Roger Frazee

Heirloom Tools

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9 minutes ago, Ronnie said:

 

I have some pliers like yours but they are slightly different by having teeth on the jaws. They also have teeth behind the pivot point at the ends of the handles that appear to be used for squeezing or crushing. They work great for cutting coat hanger wire.  Are these fence pliers too?

I also have some calipers that were given to me by an old machinist I worked with. They are pretty old too.

 

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Your pliers are also fencing pliers a little better to work with as the teeth make it easier to grip wire and pull it tight around a fence post. You use the nose of the pliers as a lever point, grip the wire with the serrated jaws and pull it around by hauling on the handles.

Nice nippers and calipers too!

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This is what i know as fencing pliers. The "claw" is for pulling staples. And you can also stretch fence by grabbing it without cutting it and pull by levering using the rounded bottom part against the wooden post. Also hammer staples in. An all-in-one tool.

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And have one of these type of fence stretchers.

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Edited by mike6024 (see edit history)

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These are what we use for wire strainers on post and wire fences. The can also be used on deer netting fences.

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@mike6024 I notice you working on barbed wire. We don't use that much any more. If an animal pushes against it, they tear their skin = low grade hide later. Cattle like to push between wires for the greener grass over the fence (or the trees over there, or the flax).

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The big pliers in the photo above were commonly used to pull the nails out of horses hooves so their shoes could be replaced.

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These heirloom tools predate the automobile by about 50 years.One of my great great grandfathers was a foreman on a barn building outfit. We still have his broad axes (left hand and right hand) ,his adze, and an assortment of augers for drilling holes in the hand hewn beams to pin them together.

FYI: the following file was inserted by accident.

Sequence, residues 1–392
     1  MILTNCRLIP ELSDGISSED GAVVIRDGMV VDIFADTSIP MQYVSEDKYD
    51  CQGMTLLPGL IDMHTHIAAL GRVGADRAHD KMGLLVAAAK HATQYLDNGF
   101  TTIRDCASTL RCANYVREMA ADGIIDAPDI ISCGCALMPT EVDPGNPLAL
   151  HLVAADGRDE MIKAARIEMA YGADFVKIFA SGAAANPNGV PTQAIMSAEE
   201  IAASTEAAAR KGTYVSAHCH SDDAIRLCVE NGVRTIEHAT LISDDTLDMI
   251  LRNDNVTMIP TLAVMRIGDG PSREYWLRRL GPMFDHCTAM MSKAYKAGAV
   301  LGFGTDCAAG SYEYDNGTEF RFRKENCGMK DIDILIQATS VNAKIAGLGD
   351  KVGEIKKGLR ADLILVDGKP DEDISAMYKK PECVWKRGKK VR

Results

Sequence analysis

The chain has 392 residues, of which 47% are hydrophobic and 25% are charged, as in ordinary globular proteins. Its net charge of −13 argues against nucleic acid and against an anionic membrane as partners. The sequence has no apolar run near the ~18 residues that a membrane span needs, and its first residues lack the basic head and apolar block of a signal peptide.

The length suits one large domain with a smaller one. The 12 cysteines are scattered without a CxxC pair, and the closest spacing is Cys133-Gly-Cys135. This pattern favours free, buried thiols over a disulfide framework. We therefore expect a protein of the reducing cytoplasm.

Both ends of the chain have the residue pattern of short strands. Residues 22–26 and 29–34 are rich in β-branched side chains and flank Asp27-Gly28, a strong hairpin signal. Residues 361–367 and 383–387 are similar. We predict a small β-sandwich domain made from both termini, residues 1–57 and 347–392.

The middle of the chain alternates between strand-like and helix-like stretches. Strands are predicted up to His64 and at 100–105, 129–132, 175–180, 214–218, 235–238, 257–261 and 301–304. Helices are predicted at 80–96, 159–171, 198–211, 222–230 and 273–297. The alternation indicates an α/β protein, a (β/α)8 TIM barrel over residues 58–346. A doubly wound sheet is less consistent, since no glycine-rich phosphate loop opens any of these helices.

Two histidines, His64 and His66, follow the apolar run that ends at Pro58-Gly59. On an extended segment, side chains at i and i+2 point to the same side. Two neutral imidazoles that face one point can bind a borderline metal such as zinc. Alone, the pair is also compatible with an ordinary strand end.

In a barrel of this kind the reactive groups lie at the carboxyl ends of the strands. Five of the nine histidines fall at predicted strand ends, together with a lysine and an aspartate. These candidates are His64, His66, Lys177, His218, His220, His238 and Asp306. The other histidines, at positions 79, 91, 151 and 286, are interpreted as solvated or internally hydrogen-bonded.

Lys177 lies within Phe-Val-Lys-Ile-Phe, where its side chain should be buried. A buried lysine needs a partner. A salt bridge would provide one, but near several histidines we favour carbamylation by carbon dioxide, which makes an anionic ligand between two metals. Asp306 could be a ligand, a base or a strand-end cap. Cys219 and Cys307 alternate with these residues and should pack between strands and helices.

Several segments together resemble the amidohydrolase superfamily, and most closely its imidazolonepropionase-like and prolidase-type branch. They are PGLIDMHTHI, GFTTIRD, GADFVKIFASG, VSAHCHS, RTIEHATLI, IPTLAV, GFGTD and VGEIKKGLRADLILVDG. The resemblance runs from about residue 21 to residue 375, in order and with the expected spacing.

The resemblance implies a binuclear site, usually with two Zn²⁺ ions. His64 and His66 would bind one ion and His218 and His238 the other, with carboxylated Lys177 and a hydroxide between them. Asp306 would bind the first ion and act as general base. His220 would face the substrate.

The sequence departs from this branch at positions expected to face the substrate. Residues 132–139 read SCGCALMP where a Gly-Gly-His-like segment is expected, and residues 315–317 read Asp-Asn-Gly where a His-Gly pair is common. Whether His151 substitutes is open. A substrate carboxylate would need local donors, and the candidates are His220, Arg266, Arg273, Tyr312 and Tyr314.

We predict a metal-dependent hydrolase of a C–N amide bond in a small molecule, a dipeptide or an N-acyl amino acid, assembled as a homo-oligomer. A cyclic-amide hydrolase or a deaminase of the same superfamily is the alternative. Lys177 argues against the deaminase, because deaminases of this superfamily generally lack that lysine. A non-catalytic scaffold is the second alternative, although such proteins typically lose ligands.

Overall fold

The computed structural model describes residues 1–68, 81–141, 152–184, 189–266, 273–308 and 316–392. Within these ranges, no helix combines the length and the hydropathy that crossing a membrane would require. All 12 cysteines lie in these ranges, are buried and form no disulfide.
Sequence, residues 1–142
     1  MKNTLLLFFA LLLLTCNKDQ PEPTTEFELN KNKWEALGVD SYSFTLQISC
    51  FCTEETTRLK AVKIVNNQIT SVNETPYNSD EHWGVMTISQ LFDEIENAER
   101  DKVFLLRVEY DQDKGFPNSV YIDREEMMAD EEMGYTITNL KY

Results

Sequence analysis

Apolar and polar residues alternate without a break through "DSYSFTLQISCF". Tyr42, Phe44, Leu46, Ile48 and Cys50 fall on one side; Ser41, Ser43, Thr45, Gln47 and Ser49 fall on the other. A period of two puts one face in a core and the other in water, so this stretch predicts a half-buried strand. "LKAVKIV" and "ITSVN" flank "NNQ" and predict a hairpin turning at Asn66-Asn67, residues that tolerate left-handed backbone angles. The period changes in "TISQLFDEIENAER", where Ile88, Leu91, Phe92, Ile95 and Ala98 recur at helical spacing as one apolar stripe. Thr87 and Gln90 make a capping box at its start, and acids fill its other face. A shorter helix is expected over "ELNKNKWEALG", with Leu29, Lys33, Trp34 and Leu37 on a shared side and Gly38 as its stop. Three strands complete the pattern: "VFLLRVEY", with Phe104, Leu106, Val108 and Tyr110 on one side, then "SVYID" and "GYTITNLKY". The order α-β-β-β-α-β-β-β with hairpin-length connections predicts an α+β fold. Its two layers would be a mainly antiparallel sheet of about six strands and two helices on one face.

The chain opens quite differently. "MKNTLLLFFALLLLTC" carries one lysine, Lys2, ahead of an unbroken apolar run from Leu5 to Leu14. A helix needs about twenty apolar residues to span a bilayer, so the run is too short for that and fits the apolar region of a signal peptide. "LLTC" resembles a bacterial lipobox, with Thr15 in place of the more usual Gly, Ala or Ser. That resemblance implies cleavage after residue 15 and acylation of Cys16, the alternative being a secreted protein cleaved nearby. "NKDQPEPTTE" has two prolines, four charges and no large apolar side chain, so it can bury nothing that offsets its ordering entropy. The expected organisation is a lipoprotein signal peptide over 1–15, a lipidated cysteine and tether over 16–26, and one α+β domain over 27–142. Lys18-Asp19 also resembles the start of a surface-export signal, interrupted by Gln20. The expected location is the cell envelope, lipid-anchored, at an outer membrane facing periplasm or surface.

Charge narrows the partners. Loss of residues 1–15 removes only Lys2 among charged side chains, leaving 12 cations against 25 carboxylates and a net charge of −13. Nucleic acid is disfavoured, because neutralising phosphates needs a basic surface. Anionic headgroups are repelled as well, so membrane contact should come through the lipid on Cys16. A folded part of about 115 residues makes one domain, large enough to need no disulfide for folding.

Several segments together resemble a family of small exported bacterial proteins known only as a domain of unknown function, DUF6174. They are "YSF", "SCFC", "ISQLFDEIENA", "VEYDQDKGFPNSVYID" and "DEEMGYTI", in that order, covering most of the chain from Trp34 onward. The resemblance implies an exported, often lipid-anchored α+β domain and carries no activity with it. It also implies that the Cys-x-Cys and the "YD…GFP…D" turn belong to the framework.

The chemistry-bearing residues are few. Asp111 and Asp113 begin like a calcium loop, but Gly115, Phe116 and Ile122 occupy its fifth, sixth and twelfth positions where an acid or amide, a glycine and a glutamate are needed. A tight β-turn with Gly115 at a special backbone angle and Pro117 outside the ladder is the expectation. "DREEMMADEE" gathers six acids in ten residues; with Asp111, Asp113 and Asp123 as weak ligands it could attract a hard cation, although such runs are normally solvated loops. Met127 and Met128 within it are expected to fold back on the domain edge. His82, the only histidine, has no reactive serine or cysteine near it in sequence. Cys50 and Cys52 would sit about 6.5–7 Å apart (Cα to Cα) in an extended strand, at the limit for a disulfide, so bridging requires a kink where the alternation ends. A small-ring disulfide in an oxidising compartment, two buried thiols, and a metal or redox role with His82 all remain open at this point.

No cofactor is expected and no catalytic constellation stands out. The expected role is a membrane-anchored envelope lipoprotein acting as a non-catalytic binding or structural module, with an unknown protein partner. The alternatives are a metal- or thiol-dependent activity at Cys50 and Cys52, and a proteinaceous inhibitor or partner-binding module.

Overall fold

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The smallest wrench is a bicycle wrench from around 1902. The rest came from the family S. Dakota  farm that finely got power in the 1950s.

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4 hours ago, J.H.Boland said:

These heirloom tools predate the automobile by about 50 years.One of my great great grandfathers was a foreman on a barn building outfit. We still have his broad axes (left hand and right hand) ,his adze, and an assortment of augers for drilling holes in the hand hewn beams to pin them together.

Barn building tools 001.JPG

 

 

I imagine those hand operated augers could cause some serious blisters on your hands after a drilling holes in a few big logs.

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37 minutes ago, Ronnie said:

 

I imagine those hand operated augers could cause some serious blisters on your hands after a drilling holes a few big logs.

 

Imagine swinging those big broad axes all day too ! That was back in the day when men were men and women could tell the difference.

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5 hours ago, J.H.Boland said:

These heirloom tools predate the automobile by about 50 years.One of my great great grandfathers was a foreman on a barn building outfit. We still have his broad axes (left hand and right hand) ,his adze, and an assortment of augers for drilling holes in the hand hewn beams to pin them together.

Barn building tools 001.JPG

Barn building tools 002.JPG

 

Very satisfying working with hand tools such as these. Have always avoided the hand augers, though.

Believe it or not, I built my house, many years ago, using the siding axe, adze, draw-knife and froe. And still have the scars to prove it. Very little money, no electricity, plenty of Eucalyptus trees and the boundless energy of youth. Pretty much the situation our rural fore-fathers found themselves in, I imagine. (But I did have a chainsaw).  I'm still living in it, 39 years later, but have had grid power connected for 20-odd years, so the hand tools just hang in the shed.